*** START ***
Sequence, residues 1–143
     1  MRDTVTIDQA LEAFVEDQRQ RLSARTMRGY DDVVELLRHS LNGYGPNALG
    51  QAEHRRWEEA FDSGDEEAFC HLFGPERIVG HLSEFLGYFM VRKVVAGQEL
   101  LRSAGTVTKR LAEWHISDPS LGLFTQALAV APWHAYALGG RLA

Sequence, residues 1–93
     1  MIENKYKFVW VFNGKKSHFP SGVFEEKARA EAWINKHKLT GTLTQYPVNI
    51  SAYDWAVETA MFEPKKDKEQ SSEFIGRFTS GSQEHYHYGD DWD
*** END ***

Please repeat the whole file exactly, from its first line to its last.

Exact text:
Sequence, residues 1–143
     1  MRDTVTIDQA LEAFVEDQRQ RLSARTMRGY DDVVELLRHS LNGYGPNALG
    51  QAEHRRWEEA FDSGDEEAFC HLFGPERIVG HLSEFLGYFM VRKVVAGQEL
   101  LRSAGTVTKR LAEWHISDPS LGLFTQALAV APWHAYALGG RLA

Sequence, residues 1–93
     1  MIENKYKFVW VFNGKKSHFP SGVFEEKARA EAWINKHKLT GTLTQYPVNI
    51  SAYDWAVETA MFEPKKDKEQ SSEFIGRFTS GSQEHYHYGD DWD